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Published by Eddie Yi

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Published by: Eddie Yi on Nov 30, 2010
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Yi 1Eddie YiDr. Erin Dietel-McLaughlinFYC13100September 30, 2010Rhetorical Analysis“Web 2.0” by Andrew Keen attacks the new and “improved” revolution of the Internet.Keen utilizes an informal dialect, pathos, ethos and irony as his main tools to persuade hisaudience into believing that the new generation of the web is detrimental to society. LawrenceLessig, who has a contrasting viewpoint, presents “In Defense of Piracy” employing formaldialogue, logos, ethos, and mainly pathos to convince his audience that amateur creativity is theessence of American Democracy. While both Keen and Lessig effectively use logos, pathos andethos as well as styles, tones and moods, Lessig’s portrayal of technology as a constantlychanging and evolving substance is more persuasive than Keen’s depiction of the detrimentaleffects of becoming engulfed by technology.The bold headline of “Web 2.0” emphatically reveals Andrew Keen’s stance on the newInternet generation. His intent is clear as he presents his case to his readers: the “common” people. His audience is, according to his definition, of the proletarian class, which is evidentthrough the examples of ill will towards “elitists.” His informal dialogue and usage of personalwords like “we” and “my” are generally used to take this article to a personal level. This allowsKeen to relate himself with the same people who are reading his article.A key connotation utilized to define the new web is the repetition of the word“seductive.” This word is constantly exploited to nurture a negative recognition and feel for theweb movement within the audience. Thereby, Keen effectively employs pathos in this situation,
Yi 2as most citizens would not relate the word “seductive” as being a good thing. This exemplifiesKeen’s use of language and his ability to “bond with readers,” and makes the audience feel as if Keen is one of them.On the contrary, Lawrence Lessig conjures a formal argument in “In Defense of Piracy.”His argument is directed towards an audience composed of the older generation as he persuadesin a more organized and professional level. The lack of personal pronouns and use of denotativelanguage in the article appeals toward an older and higher-minded generation. The constant useof denotative language—liability, counter-notice, and blanket license—confirms that Lessig’sviewers are well-educated and the very elitists Keen detests. Lessig uses formal writing toconvince his audience comprised of intellectuals and lawmakers, and to point out the absurditiesof the copyright law.Andrew Keen demonstrates a unique way of using ethos, logos, and pathos in referenceto his audience. Keen clearly scorns the new web movement, yet, his knowledge and credibilityis remarkable: he himself is an Internet veteran having been an “elitist” at Silicon Valley, theheadquarters of the web movement. He uses his ethos and reputation to garner support. Lessig’sethos is apparent from his specific use of law terms and states that he is a professor of law atStanford Law School.Keen also utilizes a subjective tone. By doing this he appeals to pathos by comparing theweb movement to Marxism. The idea of communism disgusts our minds, and by doing so, makesthe new web movement seem as contagious and destructive as communism. Additionally, in theintroductory example of Stephanie Lenz, Lessig suggests Lenz’s character to be that of anexemplary citizen of the United States. Considering her to be no danger to society, Lessig portrays her as an innocent victim of a tyrant known as Universal Music Group. Already Lessig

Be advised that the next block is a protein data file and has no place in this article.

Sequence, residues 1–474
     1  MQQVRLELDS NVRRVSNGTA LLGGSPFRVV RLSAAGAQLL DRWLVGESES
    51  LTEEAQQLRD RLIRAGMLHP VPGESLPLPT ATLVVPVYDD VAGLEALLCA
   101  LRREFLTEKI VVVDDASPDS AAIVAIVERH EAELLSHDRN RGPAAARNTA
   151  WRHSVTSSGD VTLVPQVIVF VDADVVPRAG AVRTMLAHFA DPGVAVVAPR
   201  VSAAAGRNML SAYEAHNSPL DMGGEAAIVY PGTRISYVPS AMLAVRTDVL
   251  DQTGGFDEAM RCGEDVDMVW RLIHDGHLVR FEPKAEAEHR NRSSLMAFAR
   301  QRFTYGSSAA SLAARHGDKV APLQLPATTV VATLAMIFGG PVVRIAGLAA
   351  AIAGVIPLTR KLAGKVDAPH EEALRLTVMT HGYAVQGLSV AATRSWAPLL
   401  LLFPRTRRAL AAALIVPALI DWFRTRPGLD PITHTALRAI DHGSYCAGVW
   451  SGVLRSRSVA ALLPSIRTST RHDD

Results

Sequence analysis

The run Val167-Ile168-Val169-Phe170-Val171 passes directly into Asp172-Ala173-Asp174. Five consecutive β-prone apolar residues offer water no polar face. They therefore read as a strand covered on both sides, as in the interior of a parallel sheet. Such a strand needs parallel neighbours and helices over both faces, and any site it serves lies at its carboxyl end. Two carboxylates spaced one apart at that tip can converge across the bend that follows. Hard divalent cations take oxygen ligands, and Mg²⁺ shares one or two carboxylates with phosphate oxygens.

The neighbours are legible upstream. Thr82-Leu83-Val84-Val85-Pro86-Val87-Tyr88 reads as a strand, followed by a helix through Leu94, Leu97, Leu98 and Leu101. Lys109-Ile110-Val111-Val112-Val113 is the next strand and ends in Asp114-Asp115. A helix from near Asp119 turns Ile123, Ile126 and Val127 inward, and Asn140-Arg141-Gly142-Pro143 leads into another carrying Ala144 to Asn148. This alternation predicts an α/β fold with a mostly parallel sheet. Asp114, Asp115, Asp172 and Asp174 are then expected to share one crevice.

Yi 3 persuades his audience using pathos to believe that the music industry is composed of greedy persecutors trying to victimize society. The fact that the music was barely audible logicallyargues that Universal went too far and is discouraging personal creativity.Lessig’s most persuasive argument lies when he utilizes pathos to convince parents thatthe music industry is labeling their kids to be “terrorists”. The use of words like “terrorists”,“criminals”, and “stealing” in association to kids disgruntles parents. This appeal to pathoseffectively stirs parents’ emotions into rejecting the music industry after deeming their kids to beconvicts of the law.Finally, Lessig employs logos by ridiculing Web 2.0, stating that creativity with freedomis an oxymoron. He also uses sarcasm by quoting words like “empower” and “democratizes” assimple ignorance from people who actually believe these attributes actually characterize the Web2.0’s “creativity.” Lessig defends this creativity as being one that defines a person andencourages this imagination in a well-structured argument using ethos, logos, and pathos to justify his cause.The style and tone of Keen’s argument is based on false hope and irony. The use of humor allows the article to take on a lighter atmosphere, which plays into the irony of thecommentary. The analysis that Web 2.0 is like Socrates’ nightmare presents an exaggeration andhumorous tone. However, the greatest factor in Keen’s persuasive critique of Web 2.0 is the useof irony where he meets with his friend, a Silicon Valley entrepreneur, who explains the problems with the new and “improved” web.Lessig, on the other hand, uses a serious and direct style and tone. Rather than movingaround the subject in favor of lighter tones, he favors the availability of empirical evidence and

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